AboutKidsHealth for Teens

 

 

Moving on: WorkingMMoving on: WorkingMoving on: WorkingEnglishAdolescentTeen (13-18 years)NANASupport, services and resourcesTeen (13-18 years)NA2021-03-03T05:00:00Z9.4000000000000056.60000000000001475.00000000000Flat ContentHealth A-Z<p>Learn about some of the points to consider when entering the workforce as a teen with a health condition.</p><h2>Thinking about entering the workforce?</h2><p>As you get older, you may want to get a part-time job to earn some spending money or gain work experience. Or you may decide to enter the work force soon after high school. Many teens with health conditions look forward to starting work. Reasons may include financial independence, access to health insurance, and the feeling of being a "normal teen". Starting to work can be exciting! Working offers the opportunity to grow and gain independence, but it can also bring challenges. The information on this page offers some points to consider as a teen entering the workforce.</p><h2>Key points</h2><ul><li>Family members, teachers, guidance counsellors, and support groups are all good resources when thinking about your career options and looking for work.</li><li>You are not obligated to disclose your health history to your employer. The only people who may need to know about your health include those who can help set up accommodations.</li><li>Accommodations at work may include flexibility in work hours or duties, support with learning new tasks or changes to the work environment.</li><li>Discrimination is illegal within the workplace. If you feel you are facing discrimination in the workplace, consider documenting the experience, talking to your employer and/or seeking legal advice.</li><li>Consider the health insurance and benefits offered by your employer and how they may apply to your health condition.</li></ul><h2>Job searching resources</h2><p>Here are some local centres that can help you with job searching:</p><ul><li> <a href="http://www.firstwork.org/">First Work</a></li><li> <a href="http://www.tdsb.on.ca/AdultLearners/EmploymentServices/NextStepsEmploymentCentres.aspx">Next-Steps Employment Centres</a></li><li> <a href="https://ymcagta.org/employment-and-immigrant-services">YMCA of Greater Toronto</a></li><li> <a href="http://www.woodgreen.org/">Woodgreen Youth Job Centre</a></li></ul><p>If you have a specific disability, there may be separate organizations in your community that can address your needs and help you to find a job. Here are some examples.</p><ul><li> <a href="http://epilepsytoronto.org/about-us/programs-and-services/employment/">Epilepsy Toronto Employment Services</a></li><li> <a href="http://www.balancefba.org/">Balance for Blind Adults</a></li><li> <a href="https://www.chs.ca/employment-services-for-job-seekers">Canadian Hearing Society</a></li><li> <a href="http://www.aln.ca/placement.php">Ability Learning Network</a></li><li> <a href="https://www.pogo.ca/programs-support/survivor-care/transitions-school-work-counselling/">The POGO School and Work Transitions Program</a></li></ul>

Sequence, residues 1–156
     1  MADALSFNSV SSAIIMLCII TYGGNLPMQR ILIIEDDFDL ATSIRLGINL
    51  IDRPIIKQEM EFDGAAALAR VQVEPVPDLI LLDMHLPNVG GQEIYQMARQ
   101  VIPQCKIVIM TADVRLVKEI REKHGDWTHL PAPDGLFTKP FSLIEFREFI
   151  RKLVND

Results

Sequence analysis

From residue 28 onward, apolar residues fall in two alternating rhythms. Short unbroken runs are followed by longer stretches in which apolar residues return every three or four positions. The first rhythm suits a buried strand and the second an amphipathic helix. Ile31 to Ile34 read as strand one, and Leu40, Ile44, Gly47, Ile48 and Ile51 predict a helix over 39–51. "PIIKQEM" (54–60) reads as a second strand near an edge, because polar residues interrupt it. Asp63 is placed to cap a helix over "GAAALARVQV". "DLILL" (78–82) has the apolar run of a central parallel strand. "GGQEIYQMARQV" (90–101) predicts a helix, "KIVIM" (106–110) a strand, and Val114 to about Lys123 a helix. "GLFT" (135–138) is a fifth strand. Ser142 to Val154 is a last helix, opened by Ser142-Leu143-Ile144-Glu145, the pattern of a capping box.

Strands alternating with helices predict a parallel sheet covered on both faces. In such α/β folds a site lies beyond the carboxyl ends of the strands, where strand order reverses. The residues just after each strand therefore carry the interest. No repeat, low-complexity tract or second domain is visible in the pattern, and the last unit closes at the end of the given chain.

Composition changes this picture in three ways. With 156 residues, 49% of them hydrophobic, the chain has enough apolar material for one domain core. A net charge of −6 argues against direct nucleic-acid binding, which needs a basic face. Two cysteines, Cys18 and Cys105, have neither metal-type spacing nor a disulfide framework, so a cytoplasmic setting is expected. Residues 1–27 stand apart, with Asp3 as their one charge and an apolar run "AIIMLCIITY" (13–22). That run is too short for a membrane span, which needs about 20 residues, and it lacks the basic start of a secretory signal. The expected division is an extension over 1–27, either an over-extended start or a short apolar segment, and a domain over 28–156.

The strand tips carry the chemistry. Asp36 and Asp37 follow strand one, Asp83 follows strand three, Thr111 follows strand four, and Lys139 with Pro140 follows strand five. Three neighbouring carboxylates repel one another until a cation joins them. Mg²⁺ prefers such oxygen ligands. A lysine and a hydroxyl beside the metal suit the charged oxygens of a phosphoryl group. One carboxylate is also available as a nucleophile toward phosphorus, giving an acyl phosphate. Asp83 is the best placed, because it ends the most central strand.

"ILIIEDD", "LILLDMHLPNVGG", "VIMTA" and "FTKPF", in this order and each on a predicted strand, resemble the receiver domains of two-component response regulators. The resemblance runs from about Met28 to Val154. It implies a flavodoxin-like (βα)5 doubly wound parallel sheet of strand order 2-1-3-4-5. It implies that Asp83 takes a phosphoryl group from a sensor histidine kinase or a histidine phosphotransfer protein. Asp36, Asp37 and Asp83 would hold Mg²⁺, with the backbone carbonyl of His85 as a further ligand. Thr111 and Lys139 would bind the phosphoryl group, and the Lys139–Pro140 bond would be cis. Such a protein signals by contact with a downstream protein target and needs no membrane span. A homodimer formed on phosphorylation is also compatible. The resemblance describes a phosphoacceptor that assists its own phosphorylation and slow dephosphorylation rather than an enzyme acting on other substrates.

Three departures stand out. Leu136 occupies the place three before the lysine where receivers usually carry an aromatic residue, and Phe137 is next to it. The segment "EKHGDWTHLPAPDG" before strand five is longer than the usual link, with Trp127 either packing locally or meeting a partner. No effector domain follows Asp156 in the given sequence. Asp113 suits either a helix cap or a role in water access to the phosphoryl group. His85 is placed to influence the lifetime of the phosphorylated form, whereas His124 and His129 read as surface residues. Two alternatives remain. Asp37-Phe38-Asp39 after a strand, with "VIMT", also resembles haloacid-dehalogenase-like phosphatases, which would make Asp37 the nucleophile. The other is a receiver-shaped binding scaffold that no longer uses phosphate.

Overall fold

Moving on: Working3919.00000000000Moving on: WorkingMoving on: WorkingMEnglishAdolescentTeen (13-18 years)NANASupport, services and resourcesTeen (13-18 years)NA2021-03-03T05:00:00Z9.4000000000000056.60000000000001475.00000000000Flat ContentHealth A-Z<p>Learn about some of the points to consider when entering the workforce as a teen with a health condition.</p><h2>Thinking about entering the workforce?</h2><p>As you get older, you may want to get a part-time job to earn some spending money or gain work experience. Or you may decide to enter the work force soon after high school. Many teens with health conditions look forward to starting work. Reasons may include financial independence, access to health insurance, and the feeling of being a "normal teen". Starting to work can be exciting! Working offers the opportunity to grow and gain independence, but it can also bring challenges. The information on this page offers some points to consider as a teen entering the workforce.</p><h2>Key points</h2><ul><li>Family members, teachers, guidance counsellors, and support groups are all good resources when thinking about your career options and looking for work.</li><li>You are not obligated to disclose your health history to your employer. The only people who may need to know about your health include those who can help set up accommodations.</li><li>Accommodations at work may include flexibility in work hours or duties, support with learning new tasks or changes to the work environment.</li><li>Discrimination is illegal within the workplace. If you feel you are facing discrimination in the workplace, consider documenting the experience, talking to your employer and/or seeking legal advice.</li><li>Consider the health insurance and benefits offered by your employer and how they may apply to your health condition.</li></ul><h2>What to consider when thinking about a job or career</h2><p>When you are thinking about a job or career, consider whether you want a job where you can be active or if you would rather sit at a desk. Also consider if you would like to interact with colleagues or clients or prefer to work on your own. It is also worth considering if you would prefer an office or outdoor job, or a job that requires traveling.</p><p>Put all these answers together and then start asking teachers, your guidance counsellor and family members what kinds of jobs may be a good fit. You can also go online to assess your strengths and interests and identify suitable careers. This is something you can start in grade 9 or 10 well before you are ready to graduate from high school.</p><h2>Finding out what job is right for you</h2><p>A school co-op is another great way to check out something you think you are interested in. If this option isn’t available, consider contacting an organization or company to see if you could “job shadow” someone. This usually involves a safety orientation to begin with and then observing or helping someone at their job for anything from a few hours to a week. It gives you a real idea of what a job is like.</p><p>Many people get their first real job after volunteering at an organization. Volunteer experience is often a way to meet people in the working world and get some experience.</p><h2>Where can I look for career advice?</h2><p>In some areas of Canada, career counselling and guidance programs are offered to young people with health issues. Some places even provide counsellors that work in specific health areas. These counsellors have special training and experience, so they understand the specific issues that some teenagers deal with. They can help you clarify your career goals and may check in with you to help you stay motivated to achieve them.</p><p>Many high schools also offer career counselling. Check with your guidance department to see what options are available in your area.</p><h3>Support groups</h3><p>Support groups can also be a great resource to help you figure out how to be most effective in looking for or keeping a job. They offer opportunities to hear other people’s stories about how they overcame their challenges with their health, and how they managed to hold down a job. You can also share your experience and inspire others!</p><p>Ask your health-care team to recommend a group in your area or an online group.</p><h2>What should I tell my employer about my health history?</h2><p>The information you provide to your employer needs to be truthful. However, you are not required to tell your employer that you have had health issues in the past. You have the right to keep your medical history private. If you do choose to tell your employer your medical history, they can only share it with other staff who require that information for a specific purpose. People who may need to know about your health include those who can help set up accommodations, like human resources staff.</p><h2>Will having a health condition affect my ability to work?</h2><p>Some people may have experienced changes in their physical or cognitive ability, their mood, or their energy levels because of your condition or treatment. These changes do not mean that you are unable to enter the workforce! They may mean that you will need to be choosier about the type of work you do, or that you will need some accommodations in the workplace.</p><p>If you are uncertain about how your health history may affect your ability to perform in a job, speak with your health-care team. They may be able to provide some guidance or refer you for an assessment that will identify your strengths and weaknesses, and help you select the right work environment.</p><h2>What are accommodations?</h2><p>Accommodations are changes that can be made in the workplace to help a person with physical challenges, cognitive challenges, or health conditions be able to work. Accommodations may include flexibility in work hours or duties, support with learning new tasks or changes to the work environment.</p><p>The type and amount of accommodation you may be entitled to will depend on your employment and your level of impairment. Some smaller organizations may not be able to offer as many accommodations as larger organizations.</p><p>If you need to request accommodation, your employer will usually ask for a doctor’s letter outlining your needs. This will allow your employer to support you properly. Even if you require accommodation, you do not usually need to tell your employer about your health history. Ask your employer (or potential employer) about the possibility of accommodation in the work environment.</p><h2>Discrimination in the workplace</h2><p>You may be worried about telling your employer about the limitations you have due to your condition or treatment. You may worry that you will face discrimination, which means experiencing unjust or unfair treatment based on your personal characteristics. Discrimination violates your rights as a person and is illegal within the workplace.</p><p>If you feel you are facing discrimination in the workplace, consider the following.</p><ul><li>Write down what happened, when and where it happened, and who was involved.</li><li>Talk about the situation with your employer or the human resources department (if there is one), and ask about accommodations.</li><li>Ask a legal expert to see whether the law would consider your experience to be discrimination. If it is, you can explore the possibility of taking legal action.</li><li>Look for support from a community support group and your doctor. You may be able to learn from the experience of others in a similar situation.</li></ul><h2>Insurance and benefits</h2><p>In Canada, we are lucky to have a universal health care system that provides free access to health care. However, in most cases, Canadian health care does not include access to physiotherapy, dental services and prescriptions. The Canadian health care system will not cover these costs. This is where insurance and benefits come in. Often companies offer employees extended health insurance or benefits for a small fee each month. Employees can then use their benefits to cover the cost of these additional services, like physiotherapy or orthotics.</p><h3>If your parents are insured</h3><p>Both within and outside of Canada, the duration of health insurance coverage under your parents’ plan will vary. It’s good to find out how long you are covered by your parents’ insurance. It is also important to ask about insurance coverage when you are applying for a job.</p><p>If you do not live in Canada, your health care coverage may be different. Ask your parents if you have insurance coverage and how long you are covered. This is important to consider when applying for a job, so that you can plan ahead to make sure you get the medical care that you need.</p><h2>We want to hear from you!</h2><p>AboutKidsHealth is trying to improve the information and education we provide young people (aged 12-18) and families through our website. Please take 5 minutes to complete our <a class="redcap-survey" href="https://surveys.sickkids.ca/surveys/?s=XHD3EK3XD4">Adolsecent Health Learning Hub survey</a>.</p><h2>Job searching resources</h2><p>Here are some local centres that can help you with job searching:</p><ul><li> <a href="http://www.firstwork.org/">First Work</a></li><li> <a href="http://www.tdsb.on.ca/AdultLearners/EmploymentServices/NextStepsEmploymentCentres.aspx">Next-Steps Employment Centres</a></li><li> <a href="https://ymcagta.org/employment-and-immigrant-services">YMCA of Greater Toronto</a></li><li> <a href="http://www.woodgreen.org/">Woodgreen Youth Job Centre</a></li></ul><p>If you have a specific disability, there may be separate organizations in your community that can address your needs and help you to find a job. Here are some examples.</p><ul><li> <a href="http://epilepsytoronto.org/about-us/programs-and-services/employment/">Epilepsy Toronto Employment Services</a></li><li> <a href="http://www.balancefba.org/">Balance for Blind Adults</a></li><li> <a href="https://www.chs.ca/employment-services-for-job-seekers">Canadian Hearing Society</a></li><li> <a href="http://www.aln.ca/placement.php">Ability Learning Network</a></li><li> <a href="https://www.pogo.ca/programs-support/survivor-care/transitions-school-work-counselling/">The POGO School and Work Transitions Program</a></li></ul>